by Olivia Hamilton
A group of children sit in a classroom playing a variety of games. The scene is reminiscent of those days in elementary school when it rained, forcing students to remain in their rooms for recess. How- ever, this classroom gathering is not the result of a rainy day. And this classroom is not full of only Westfield children. While impossible for an observer to tell, half of the children in this room have faced experiences unimaginable to most adults. Half of these children are refugees.
This was the atmosphere at the first meeting of the Fun Bunch Club, a club organized to bring refu- gee families and American volunteers together. In the midst of controversy and division over America’s stance on refugees, we often lose sight of the moments of compassion that unite us in our human- ity. Below are two stories of four people who are devoting their time and efforts to help fellow humans. They are certainly not the only people helping refugees, but their actions help to fill in the narrative of kindness and empathy that is too often forgotten.
The Fun Bunch Club
Organized by Westfield residents Jennifer Tananbaum and Alissa Berger, The Fun Bunch Club pro- vides refugee families with support and compassion. On Saturday morning, they ran the first meeting of their club, located at Temple Emanu-El.
Refugee families were welcomed by adult and teen volunteers when they arrived. A variety of activities were available for the children to enjoy, ranging from games and arts and crafts to homework and reading help. It was impossible not to smile, as the rooms and hallways were full of children making sticker collages, Play-Doh sculptures and play- ing intense games of Jenga.
While Berger and Tananbaum do not have prior experience working with refugees, they do not be- lieve that’s necessary. “When it comes down to it as Jews, all of our families were refugees at one point or immigrants or had to flee a situation that was not safe and wished they could go to a place where they were welcome and helped,” said Tananbaum. “We have no experience, but it doesn’t matter because people help people.”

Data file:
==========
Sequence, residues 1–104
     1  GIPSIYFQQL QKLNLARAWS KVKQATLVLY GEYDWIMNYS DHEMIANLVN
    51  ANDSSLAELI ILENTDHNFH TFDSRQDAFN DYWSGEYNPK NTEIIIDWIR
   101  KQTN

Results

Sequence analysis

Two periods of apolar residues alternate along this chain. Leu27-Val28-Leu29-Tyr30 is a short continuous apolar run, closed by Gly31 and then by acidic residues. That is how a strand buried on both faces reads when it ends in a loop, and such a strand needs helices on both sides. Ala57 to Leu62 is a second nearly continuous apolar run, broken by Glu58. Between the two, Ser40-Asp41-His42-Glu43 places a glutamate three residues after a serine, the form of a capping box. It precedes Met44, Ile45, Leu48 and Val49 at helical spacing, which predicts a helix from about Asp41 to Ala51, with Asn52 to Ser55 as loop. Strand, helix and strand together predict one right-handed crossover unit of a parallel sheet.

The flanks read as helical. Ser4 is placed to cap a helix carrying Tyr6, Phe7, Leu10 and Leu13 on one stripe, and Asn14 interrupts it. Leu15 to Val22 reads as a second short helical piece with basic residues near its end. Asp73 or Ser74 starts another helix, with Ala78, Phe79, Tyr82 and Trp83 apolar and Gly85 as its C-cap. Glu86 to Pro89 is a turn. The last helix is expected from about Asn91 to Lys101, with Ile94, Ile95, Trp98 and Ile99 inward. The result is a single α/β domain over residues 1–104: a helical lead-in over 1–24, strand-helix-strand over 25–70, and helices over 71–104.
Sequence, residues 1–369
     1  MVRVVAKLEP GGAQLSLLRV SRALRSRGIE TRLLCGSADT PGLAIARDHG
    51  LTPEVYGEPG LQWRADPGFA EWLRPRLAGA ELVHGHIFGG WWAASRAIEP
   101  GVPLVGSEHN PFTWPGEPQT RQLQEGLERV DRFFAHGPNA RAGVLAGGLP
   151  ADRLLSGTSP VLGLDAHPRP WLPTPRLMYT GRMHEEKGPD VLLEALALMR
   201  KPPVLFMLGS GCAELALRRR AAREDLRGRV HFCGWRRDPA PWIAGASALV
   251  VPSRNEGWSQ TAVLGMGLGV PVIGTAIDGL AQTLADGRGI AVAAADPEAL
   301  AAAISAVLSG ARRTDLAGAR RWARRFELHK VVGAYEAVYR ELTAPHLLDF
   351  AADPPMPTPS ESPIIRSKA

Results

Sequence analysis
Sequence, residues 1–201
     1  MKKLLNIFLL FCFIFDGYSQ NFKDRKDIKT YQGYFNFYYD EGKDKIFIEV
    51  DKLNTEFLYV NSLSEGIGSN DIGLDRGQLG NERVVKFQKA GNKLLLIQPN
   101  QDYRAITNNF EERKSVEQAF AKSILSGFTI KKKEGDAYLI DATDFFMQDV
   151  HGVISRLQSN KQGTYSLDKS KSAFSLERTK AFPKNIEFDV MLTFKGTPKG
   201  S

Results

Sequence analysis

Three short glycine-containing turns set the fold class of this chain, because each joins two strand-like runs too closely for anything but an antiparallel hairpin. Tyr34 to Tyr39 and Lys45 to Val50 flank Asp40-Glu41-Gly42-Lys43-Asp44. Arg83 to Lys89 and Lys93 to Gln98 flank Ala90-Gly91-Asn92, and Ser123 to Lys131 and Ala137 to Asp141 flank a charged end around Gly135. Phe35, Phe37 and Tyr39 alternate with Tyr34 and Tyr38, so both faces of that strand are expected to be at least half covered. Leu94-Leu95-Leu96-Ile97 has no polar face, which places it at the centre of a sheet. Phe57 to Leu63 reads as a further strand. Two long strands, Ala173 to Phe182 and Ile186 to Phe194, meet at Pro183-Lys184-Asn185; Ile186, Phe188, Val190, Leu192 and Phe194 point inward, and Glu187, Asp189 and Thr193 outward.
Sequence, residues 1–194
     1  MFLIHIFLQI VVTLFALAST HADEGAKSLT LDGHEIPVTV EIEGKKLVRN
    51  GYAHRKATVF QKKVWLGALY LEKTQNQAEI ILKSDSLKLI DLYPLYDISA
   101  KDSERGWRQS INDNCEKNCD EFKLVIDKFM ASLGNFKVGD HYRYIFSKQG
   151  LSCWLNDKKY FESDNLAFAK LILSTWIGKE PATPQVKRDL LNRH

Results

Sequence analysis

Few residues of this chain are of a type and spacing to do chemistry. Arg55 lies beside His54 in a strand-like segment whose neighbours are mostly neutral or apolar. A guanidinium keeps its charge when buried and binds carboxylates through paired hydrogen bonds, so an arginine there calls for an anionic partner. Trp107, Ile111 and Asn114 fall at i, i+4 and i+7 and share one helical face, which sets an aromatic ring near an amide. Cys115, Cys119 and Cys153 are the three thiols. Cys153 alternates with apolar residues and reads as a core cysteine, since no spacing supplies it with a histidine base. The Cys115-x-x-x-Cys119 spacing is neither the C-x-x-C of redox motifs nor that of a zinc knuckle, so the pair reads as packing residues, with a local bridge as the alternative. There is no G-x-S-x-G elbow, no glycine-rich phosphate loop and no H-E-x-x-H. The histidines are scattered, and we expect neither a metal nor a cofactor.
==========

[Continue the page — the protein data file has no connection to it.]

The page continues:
The inspiration for the club came from Berger’s son. “We watched a documentary on Syria and the Syrians leaving the country,” said Berger. “It was about what they were going through in the war and my son wanted to help.”
Berger started to raise money for a charity called ShelterBox, which provides supplies, like tents and food, to people when they enter refugee camps. “My son decided to raise money for ShelterBox and the rabbi found out and asked if we wanted to lead the coalition for the temple,” said Berger. From there, she reached out to Tananbaum, and now they work together to help refugees.
The group aims to connect refugees who need help with Americans who are eager to get involved. “The goal is to ultimately help people,” said Berger. “We help the parents find jobs if they don’t have jobs and help the children learn English better and become better readers and writers.”
High school sophomore Lana Mahmood, a refugee from Iraq who has been living in Elizabeth for four months, attended the meeting because her mom thought it would be a good chance for her to meet people. “I’m so excited to be here [in America],” she said. “People have been very friendly.”
Beyond providing refugees a support group, the Fun Club also aims to create an environment for socialization. “We give them a fun place to just play and do art and not have to worry about anything,” Tananbaum said.